Experts call for greater integration of mental health policies and workplace interventions

Experts in a recent op-ed write, ‘mental illnesses pose difficulties for workers because their symptoms can interfere with essential workplace skills.’

The authors suggest a framework that could potentially include medication therapy, psychotherapy, care management, job coaching, and more.

The health care industry is not doing enough to focus on mental illness, according to a new opinion piece on

“Despite advances in the diagnosis and treatment of these conditions, and considerable progress on including mental health care in health insurance, people with mental illness — including those with moderate illnesses such as depression or anxiety — continue to be tenuously connected to work and, hence, to full participation in society,” Amanda Goorin, Richard G. Frank, and Sherry Glied collectively wrote. “Mental illnesses pose difficulties for workers because their symptoms can interfere with essential workplace skills, such as participating effectively in teams, interacting with customers and co-workers, and maintaining concentration.”

Related: Expanding access to mental health care: How employers can (and should) take the lead

Goorin is a 2020 graduate of the Wagner School of Public Service and now works at Deloitte Consulting, Frank is the Margaret T. Morris Professor of Health Economics at Harvard Medical School and served in the Obama Administration, and Glied (who also served in the Obama Administration) is currently dean and professor of public service at New York University and director of NRx Pharmaceuticals, which is developing a behavioral health drug.

The National Institute of Mental Health reports that nearly one in five U.S. adults lives with mental illness — 51.5 million in 2019.

In their piece, Goorin, Frank, and Glied argued that workplace accommodations required under the Americans With Disabilities Act for employees suffering from mental illness and comprehensive benefits that include health insurance and paid leave could provide a “framework [to] go beyond ‘usual care’ and improve both mental health and workplace productivity for this population.”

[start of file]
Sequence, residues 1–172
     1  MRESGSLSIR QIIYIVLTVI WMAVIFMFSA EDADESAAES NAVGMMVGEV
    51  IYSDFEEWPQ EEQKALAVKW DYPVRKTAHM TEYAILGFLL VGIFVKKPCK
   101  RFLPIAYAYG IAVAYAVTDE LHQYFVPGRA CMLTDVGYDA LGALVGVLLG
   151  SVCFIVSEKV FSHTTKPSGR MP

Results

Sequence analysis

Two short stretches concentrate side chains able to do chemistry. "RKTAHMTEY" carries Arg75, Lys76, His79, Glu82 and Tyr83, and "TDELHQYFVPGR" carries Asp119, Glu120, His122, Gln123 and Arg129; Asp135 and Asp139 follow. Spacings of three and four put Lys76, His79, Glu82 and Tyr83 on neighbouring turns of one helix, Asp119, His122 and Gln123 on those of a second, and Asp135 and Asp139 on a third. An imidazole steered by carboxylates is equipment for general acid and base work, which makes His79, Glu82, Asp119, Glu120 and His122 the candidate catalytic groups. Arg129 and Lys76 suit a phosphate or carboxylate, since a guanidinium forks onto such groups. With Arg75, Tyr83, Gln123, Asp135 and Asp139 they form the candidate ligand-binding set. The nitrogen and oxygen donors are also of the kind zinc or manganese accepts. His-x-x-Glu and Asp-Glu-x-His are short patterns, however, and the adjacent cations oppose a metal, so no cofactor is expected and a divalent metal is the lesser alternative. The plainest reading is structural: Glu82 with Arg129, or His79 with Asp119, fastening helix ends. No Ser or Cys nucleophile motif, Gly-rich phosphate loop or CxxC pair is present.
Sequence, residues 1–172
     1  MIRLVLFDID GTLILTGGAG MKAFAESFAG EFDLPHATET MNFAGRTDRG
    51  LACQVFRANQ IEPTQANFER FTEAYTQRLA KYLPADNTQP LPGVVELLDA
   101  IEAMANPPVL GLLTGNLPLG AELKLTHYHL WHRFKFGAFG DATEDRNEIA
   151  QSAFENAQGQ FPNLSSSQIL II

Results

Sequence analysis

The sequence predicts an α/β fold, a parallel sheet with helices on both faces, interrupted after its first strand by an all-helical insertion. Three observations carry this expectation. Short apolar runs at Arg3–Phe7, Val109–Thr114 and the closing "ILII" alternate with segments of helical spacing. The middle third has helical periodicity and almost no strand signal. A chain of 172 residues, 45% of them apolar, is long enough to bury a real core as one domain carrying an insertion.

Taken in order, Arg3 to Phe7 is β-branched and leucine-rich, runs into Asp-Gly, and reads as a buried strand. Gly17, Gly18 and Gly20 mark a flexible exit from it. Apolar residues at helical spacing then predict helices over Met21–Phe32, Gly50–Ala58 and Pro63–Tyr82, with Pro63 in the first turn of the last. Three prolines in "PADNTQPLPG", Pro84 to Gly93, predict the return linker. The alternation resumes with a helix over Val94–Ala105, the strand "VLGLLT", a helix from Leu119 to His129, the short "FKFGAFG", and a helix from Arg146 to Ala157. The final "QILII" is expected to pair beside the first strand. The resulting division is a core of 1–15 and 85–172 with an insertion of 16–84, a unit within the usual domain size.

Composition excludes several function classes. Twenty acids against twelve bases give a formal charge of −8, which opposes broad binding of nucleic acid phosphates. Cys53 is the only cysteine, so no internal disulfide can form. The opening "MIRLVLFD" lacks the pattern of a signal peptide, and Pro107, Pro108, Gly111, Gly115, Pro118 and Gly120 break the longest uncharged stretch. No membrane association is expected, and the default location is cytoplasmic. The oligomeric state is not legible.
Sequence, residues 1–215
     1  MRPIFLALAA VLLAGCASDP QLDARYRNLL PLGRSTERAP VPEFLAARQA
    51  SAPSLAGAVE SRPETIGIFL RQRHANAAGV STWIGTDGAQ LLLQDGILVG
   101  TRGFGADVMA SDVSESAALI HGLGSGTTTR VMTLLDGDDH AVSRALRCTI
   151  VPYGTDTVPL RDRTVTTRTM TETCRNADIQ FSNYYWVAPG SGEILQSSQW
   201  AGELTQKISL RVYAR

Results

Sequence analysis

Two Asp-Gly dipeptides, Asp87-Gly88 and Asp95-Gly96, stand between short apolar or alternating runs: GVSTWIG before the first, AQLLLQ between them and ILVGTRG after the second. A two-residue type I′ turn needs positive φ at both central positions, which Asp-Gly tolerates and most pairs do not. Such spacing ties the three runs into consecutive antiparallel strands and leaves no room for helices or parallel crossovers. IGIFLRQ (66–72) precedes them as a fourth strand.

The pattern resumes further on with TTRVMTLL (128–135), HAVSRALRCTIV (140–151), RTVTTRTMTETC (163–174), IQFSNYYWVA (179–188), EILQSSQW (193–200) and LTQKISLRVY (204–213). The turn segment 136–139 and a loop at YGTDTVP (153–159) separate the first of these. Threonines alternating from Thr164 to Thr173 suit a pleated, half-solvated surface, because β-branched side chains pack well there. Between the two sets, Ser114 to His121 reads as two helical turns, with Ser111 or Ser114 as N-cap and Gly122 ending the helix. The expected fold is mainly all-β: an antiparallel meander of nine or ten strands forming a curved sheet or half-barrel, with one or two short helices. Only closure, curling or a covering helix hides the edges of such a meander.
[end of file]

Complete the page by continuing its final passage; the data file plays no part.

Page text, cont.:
That framework could potentially include medication therapy, psychotherapy, care management, job coaching, switching from full-time to part-time work hours, the gradual introduction of tasks, and more.

The authors cited the Work and Health Initiative, which integrates vocational and mental health improvement techniques through an Employee Assistance Program (EAP) counselor for depressed workers. According to the National Center for Health Statistics (part of the Centers for Disease Control and Prevention), almost 5% of the U.S. population over 18 years old experiences regular feelings of depression.

“Through telephone sessions, the EAP counselor provides medical care coordination and work coaching to reduce personal or environmental barriers to effective functioning at work, developing a customized plan to change specific work behaviors, work processes, or environmental conditions,” Gooring, Frank, and Glied wrote. “The intervention also provides work-focused CBT [cognitive behavior therapy] to help participants learn to identify the thoughts, feelings, and behaviors that are eroding their work functioning and to respond with more effective coping strategies.”

They added that studies indicate WHI reduces the severity of depression symptoms and improves time-management and mental-interpersonal job tasks: “In the treatment group of one trial, at-work productivity improved 44% (compared to 13% in the usual care group), absence days declined by 53% (compared to 13% in the usual care group), and absence-related productivity loss improved 49% (compared to 11% in the usual care group).”

Effective interventions will cost money, and the authors cited the Mental Health Parity and Addiction Equity Act, under which employer-sponsored health insurance coverage should provide access to appropriate psychosocial services. “Many large employers already have EAPs that might provide a foundation for additional work supports,” they noted. “But because of the episodic nature of mental illness, maintaining employment is also likely to require flexibility to take time off work when symptoms are exacerbated.”

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